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Great Battles Through History

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Crecy...1346 AD.



Though one could say Poitiers or Agincourt...the outcome was the same. The English longbow defeats the mounted knight...or dismounted knight (Poitiers). 

The Scots were the only ones that managed to develop a bit of a defence  to the longbow in the form of the schiltron formation...pikes & shields...that were disciplined enough to open & close ranks as needed...dulling the English arrow barrage. 





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Breitenfeld...1631 AD


The surprise victory by the unlikely Gustavus Adolphus against the HRE/Catholic League led to a great rallying of the Protestant states. This set the Thirty Year War on a new...final course. Well...as final as possible in some of the most convoluted ways possible. Not a good time to alive for many...witches burned...heads rolled.



30 Year War Playlist

Quite the war!


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Quatres Bras...June 16, 1815




This was a run-up battle to Waterloo on the 18th. But had Marshal Michel Ney shown some brains, he'd have rolled over the (at first) tiny force gathered at this famous crossroad. As it was, Wellington and Prince of Orange William II managed to rebuff Ney's forces numerous times preventing any coordination between the two French wings. Allied reinforcements poured-in.  Napoleon...to Ney's distant right at Ligny, smashed the Prussian Army into headlong retreat....but had heard literally nothing out of Ney the entire day.

This was the battle where Wellington apparently took a nap under a newspaper by a tree...waiting for Ney to get his collective sheet together.


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The Battle of Tannenberg....August 26th-30th, 1914.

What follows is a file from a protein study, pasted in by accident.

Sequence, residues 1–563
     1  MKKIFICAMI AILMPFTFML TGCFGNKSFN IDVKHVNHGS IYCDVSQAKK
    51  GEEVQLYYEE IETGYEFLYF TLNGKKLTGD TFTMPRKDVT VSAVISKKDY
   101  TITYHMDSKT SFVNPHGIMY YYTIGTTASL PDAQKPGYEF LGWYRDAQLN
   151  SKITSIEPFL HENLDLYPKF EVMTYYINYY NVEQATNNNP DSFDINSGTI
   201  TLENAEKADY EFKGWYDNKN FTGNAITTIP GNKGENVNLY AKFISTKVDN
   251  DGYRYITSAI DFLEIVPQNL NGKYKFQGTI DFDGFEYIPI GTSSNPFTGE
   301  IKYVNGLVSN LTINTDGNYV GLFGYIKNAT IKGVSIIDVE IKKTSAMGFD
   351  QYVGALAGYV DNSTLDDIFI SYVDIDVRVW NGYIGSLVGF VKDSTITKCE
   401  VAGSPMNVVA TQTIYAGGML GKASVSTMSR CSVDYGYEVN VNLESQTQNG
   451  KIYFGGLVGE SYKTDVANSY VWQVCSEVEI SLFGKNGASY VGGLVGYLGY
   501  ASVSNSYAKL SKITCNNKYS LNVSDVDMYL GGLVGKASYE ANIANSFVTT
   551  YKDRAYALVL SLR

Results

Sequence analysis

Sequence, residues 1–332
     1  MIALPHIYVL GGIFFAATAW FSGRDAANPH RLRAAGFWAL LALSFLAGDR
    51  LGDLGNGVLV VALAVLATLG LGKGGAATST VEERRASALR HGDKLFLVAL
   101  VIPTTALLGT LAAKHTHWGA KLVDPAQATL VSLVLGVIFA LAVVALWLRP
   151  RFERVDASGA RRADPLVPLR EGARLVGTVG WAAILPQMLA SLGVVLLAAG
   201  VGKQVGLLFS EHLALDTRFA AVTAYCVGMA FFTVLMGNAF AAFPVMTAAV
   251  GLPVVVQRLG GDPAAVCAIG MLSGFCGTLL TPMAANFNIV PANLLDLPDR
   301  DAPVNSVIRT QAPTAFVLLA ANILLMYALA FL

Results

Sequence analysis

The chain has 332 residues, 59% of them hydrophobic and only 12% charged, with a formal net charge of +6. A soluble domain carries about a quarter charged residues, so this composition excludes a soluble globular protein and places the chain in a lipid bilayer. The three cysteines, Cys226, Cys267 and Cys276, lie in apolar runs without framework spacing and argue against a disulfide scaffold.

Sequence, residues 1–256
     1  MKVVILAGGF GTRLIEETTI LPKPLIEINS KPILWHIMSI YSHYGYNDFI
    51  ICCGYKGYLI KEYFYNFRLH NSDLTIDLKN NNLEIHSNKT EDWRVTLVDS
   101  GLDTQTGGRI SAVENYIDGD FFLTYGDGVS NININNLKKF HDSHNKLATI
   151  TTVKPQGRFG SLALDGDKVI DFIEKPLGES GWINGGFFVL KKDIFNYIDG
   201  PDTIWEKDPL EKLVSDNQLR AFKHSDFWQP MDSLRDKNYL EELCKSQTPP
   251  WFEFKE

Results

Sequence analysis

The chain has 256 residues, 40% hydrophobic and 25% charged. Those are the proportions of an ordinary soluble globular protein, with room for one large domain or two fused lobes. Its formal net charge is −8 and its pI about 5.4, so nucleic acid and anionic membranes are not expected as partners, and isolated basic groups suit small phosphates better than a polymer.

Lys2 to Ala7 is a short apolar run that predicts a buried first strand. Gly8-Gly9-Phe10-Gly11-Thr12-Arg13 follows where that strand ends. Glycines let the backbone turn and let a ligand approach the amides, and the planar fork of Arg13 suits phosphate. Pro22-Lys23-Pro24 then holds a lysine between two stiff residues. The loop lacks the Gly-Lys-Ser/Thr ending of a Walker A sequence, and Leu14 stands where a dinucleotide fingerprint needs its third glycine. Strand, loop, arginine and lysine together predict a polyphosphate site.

A miracle on some levels as well as a display of tactical brilliance by the Germans and strategic incompetence by the Russians. While not fully decisive, it did allow the Germans to...

a) Support their Austro-Hungarian allies who were busy botching all their attacks on the Russians.

b) More or less ignore the mighty Russian bear for a good chunk of the war...allowing full attention be paid on the Western Front.

The German 8th Army under Von Prittwitz...and later Hindenburg/Ludendorff/Hoffmann was barely a corp sized formation...a few infantry divisions and cavalry formations. But it was an elite group...and made full use of the modern tools of the time. Radio...trains...aircraft...the machine gun. They managed to smash two large Russian armies...that weren't cooperating due to the two generals, Samsanov and Rennenkampf hating each other.



Alexander Solzhenitsyn wrote a very good book on the battle called August 1914.



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June-August, 1944

Operation Bagration: The Destruction of Army Group Center.


This was pretty much it for the Germans...the biggest Soviet Offensive yet crushes the once mighty Army Group Center into dust as it tries to hold the line. The Allies had smashed ashore earlier in June at Normandy, drawing much of the remaining armor reserves westward. A fatal move...


Army Group North pretty much ceased to exist already, while what was left of Army Group South was forced towards the Balkans.


With the shattered remnants of AGN and AGC fleeing towards Konigsberg & Warsaw, nothing much remained between the Red Army and the Greater German border.

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Unconditional Surrender

The twin Battles of Fort Henry & Fort Donelson

February 6th-16th, 1862.






This is where the famous term originates...

Grant...a bit of a disliked upstart...was sent West to command the Union Army of the Tennessee where Union high command figured he's be well out of the way. The two following engagements cemented Grant as one of the Union's top generals. Basically, these twin forts guarded the Cumberland and Tennessee Rivers...they had to go. Ironclads and riverines ruled the day...